Innovation Brings Education to Kids in the Global South

While many Canadian parents have found themselves grappling with remote learning during the pandemic, these same tools are helping to provide a promising future for kids living in poverty, especially girls.

Supported by the Fund for Innovation and Transformation (FIT), Canadian organizations are partnering with organizations in the Global South to test innovative solutions that advance gender equality, such as increasing access to education. Several of these innovations involve providing remote or blended learning opportunities to areas that lack educational resources, or where girls are unable to attend school regularly.

Christina MacIsaac, FIT’s Director of Innovation, said remote and blended learning opportunities have the potential to change the lives of students who would otherwise have extremely limited opportunities.

“These innovative solutions were tested at the height of the global pandemic when remote and blended learning were being used around the world. But for these communities, these flexible technologies didn’t just allow a continuation of education. In many cases, students were given access to quality education for the first time, including information about human rights, gender equality, reproductive health and other essential topics that are incredibly empowering.”

Ivania Fiallos Cornejo, a Grade Two teacher in an Indigenous Miskito community in the Bosawas region of Nicaragua, was watching her young students drop out one by one. Her school’s remote location, limited resources and lack of access to culturally and linguistically appropriate material meant students were disengaged. The Bosawas region of Nicaragua has the worst educational outcomes in the country. Home to mainly remote Indigenous communities, schools lack even basic supplies such as textbooks.

In 2020, Change for Children and local partner SIMAS (Servicio de Informacion Mesmericano Sobre Agricultura Sostenible)  tested a solution that provided mobile learning labs consisting of RACHELs (Remote Area Community Hotspot for Education and Learning), as well as laptops and a robust solar power system to four Miskito Indigenous communities in Bosawas.

The results were remarkable. Nearly all teachers (98%) are actively using RACHEL resources and have incorporated Miskito, gender and sexual & reproductive health & rights education.

The majority of teachers are now able to teach classes entirely in the Miskito language as a result of their access to a variety of linguistic and culturally appropriate materials.

Students are demonstrating enthusiasm for school, more awareness of gender and SRHR issues, and gaining skills in the use of technology through the mobile learning labs.

“Today, I can proudly say that we use technology to better develop content and teach the children. My classroom environment is entertaining, and the children are excited with the new way of learning. It has raised our self-esteem as Indigenous Peoples – to feel proud of who we are and not abandon our culture.”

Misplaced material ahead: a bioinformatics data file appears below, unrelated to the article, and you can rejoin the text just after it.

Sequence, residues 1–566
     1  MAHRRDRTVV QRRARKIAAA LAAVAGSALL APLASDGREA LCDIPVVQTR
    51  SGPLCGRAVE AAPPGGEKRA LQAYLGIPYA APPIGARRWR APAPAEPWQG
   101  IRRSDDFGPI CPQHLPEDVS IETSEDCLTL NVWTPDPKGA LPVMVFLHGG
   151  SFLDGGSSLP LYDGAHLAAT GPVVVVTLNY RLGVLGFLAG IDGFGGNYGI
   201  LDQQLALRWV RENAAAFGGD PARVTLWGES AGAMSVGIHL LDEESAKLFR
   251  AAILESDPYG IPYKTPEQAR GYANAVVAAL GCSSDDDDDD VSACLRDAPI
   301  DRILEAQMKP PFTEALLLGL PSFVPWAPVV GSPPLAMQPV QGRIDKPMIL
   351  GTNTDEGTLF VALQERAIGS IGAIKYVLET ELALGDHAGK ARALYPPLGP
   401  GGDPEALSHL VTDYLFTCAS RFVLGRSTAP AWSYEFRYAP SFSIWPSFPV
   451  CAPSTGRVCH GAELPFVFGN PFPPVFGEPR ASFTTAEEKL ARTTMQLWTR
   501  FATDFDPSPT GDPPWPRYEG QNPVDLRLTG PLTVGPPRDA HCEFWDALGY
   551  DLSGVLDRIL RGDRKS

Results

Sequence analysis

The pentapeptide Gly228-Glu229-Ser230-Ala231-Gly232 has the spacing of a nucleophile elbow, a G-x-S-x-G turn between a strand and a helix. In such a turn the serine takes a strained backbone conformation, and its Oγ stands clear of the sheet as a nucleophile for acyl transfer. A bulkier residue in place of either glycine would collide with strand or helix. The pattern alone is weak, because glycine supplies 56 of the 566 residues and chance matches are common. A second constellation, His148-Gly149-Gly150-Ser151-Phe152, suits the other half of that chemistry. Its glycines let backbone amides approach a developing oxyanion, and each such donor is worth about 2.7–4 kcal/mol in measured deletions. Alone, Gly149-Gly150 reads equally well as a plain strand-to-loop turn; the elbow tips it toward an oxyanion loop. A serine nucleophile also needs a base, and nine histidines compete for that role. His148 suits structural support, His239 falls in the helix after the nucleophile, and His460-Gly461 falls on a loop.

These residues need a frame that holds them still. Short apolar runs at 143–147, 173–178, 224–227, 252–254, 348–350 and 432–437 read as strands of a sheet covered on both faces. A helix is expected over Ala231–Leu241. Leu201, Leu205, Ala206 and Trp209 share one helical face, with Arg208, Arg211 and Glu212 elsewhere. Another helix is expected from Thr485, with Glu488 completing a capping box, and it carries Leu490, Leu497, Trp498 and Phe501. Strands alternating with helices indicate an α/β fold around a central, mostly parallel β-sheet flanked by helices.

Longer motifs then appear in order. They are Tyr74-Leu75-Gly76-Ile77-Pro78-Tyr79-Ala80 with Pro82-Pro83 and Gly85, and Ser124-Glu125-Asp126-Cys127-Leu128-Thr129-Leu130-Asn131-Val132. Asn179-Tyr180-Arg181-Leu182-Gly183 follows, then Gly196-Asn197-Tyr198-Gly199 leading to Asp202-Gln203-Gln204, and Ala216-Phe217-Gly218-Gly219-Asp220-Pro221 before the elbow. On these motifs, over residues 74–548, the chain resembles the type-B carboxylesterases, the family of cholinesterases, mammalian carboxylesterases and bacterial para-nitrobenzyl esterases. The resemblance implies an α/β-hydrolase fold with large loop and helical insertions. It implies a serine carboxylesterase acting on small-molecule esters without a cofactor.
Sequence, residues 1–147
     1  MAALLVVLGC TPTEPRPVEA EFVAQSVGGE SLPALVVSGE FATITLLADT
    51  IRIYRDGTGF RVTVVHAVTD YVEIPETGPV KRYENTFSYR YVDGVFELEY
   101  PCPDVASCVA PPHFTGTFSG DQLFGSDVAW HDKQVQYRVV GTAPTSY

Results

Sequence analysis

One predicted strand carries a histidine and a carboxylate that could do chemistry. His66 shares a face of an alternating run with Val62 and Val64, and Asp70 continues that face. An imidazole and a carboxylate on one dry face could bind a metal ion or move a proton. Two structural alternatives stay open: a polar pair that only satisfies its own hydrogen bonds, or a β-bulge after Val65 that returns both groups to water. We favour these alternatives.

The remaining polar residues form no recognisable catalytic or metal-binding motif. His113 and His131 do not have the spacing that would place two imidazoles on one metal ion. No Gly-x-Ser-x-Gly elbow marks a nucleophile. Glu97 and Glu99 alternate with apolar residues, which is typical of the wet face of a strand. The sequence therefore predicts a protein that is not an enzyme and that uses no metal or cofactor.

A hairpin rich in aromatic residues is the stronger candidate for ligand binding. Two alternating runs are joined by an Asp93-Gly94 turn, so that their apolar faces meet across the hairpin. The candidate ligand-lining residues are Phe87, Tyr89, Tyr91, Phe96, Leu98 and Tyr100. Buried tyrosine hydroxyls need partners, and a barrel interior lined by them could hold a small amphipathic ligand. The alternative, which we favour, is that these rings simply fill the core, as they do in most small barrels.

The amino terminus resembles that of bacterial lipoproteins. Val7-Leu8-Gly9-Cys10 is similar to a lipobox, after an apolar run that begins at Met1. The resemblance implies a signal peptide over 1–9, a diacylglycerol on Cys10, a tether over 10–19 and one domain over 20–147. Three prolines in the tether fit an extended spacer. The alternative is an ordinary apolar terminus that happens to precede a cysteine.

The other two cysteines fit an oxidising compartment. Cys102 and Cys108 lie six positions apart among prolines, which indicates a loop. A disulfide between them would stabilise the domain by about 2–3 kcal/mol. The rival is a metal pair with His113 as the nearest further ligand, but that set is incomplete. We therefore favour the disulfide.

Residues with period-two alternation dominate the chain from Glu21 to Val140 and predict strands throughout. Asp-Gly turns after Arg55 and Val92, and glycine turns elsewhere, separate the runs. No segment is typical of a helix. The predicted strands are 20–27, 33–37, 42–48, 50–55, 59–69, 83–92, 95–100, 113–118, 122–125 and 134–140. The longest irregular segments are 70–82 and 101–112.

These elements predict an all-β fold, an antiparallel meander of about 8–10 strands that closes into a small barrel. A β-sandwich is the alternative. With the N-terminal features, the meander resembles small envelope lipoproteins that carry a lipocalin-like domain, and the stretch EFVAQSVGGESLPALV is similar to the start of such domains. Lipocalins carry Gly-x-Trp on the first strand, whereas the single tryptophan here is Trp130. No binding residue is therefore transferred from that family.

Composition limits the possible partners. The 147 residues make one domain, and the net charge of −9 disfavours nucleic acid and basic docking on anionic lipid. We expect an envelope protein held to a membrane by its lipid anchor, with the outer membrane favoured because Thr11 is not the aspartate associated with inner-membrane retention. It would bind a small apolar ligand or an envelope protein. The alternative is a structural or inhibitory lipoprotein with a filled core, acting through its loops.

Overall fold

- Ivania, Grade 2 Teacher
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Canada Students Offering Support (SOS) and local partner Semillas de Innovacion para Innovacion y Desarrollo Sostenable (SIDS), tested an innovation where Mayan adolescent girls were empowered as mentors to lead learning circles using e-learning resources.

The innovation aimed to improve academic performance and retention among Indigenous Mayan youth, with a focus on girls.

It also engaged the broader community, including parents and local leaders. a Mayan youth in Guatemala, wanted to pursue an education, but faced cultural barriers and resistance from her father, who thought women were best suited to home life.

Maria*, a Mayan youth in Guatemala, wanted to pursue an education, but faced cultural barriers and resistance from her father, who thought women were best suited to home life.

*Name changed to respect privacy

"My Dad used to think that men take advantage of their studies but women not so much. He thought girls just wanted to get married and drop out of school. After he saw my commitment to school, he has been encouraging me to continue fighting for my dreams and studies. I have spoken with my brothers and parents about what I have learned in the gender equality workshop that both men and women have the same rights.”

- Maria, Mayan Youth

 SOS classroom with girls and tech.jpg (87 KB)

Wilbert Kihembo, a non-verbal student with cerebral palsy, discovered an incredible aptitude for computers when he participated in e-learning innovation by Embrace International Foundation and Kyaninga Child Development Center.

The center facilitated e-learning opportunities for children in Uganda, with a focus on girls and children with disabilities. So far, the innovation has seen incredible results – especially from children with disabilities who now have ways of learning and communicating through technology.

Wilbert has subsequently been employed by Embrace, and now develops apps for students with disabilities.

“E-learning options can be especially impactful for students who may be facing cultural or gender barriers at school. Embrace is looking at how vulnerable groups, namely girls and children with disabilities, can be empowered through the use of digital education tools. ” 

-Christina MacIsaac, Director of Innovation, Fund for Innovation and Transformation

EMBRACE Explaining the FIT project to students.jpeg (1.82 MB)

More information and stories about FIT-funded testing by organizations from across Canada collaborating with partners in the Global South are available on FIT’s website

Please direct all media inquires to:

Allison Langridge, Communications Specialist, The Fund for Innovation and Transformation Tel : 1-204-987-7409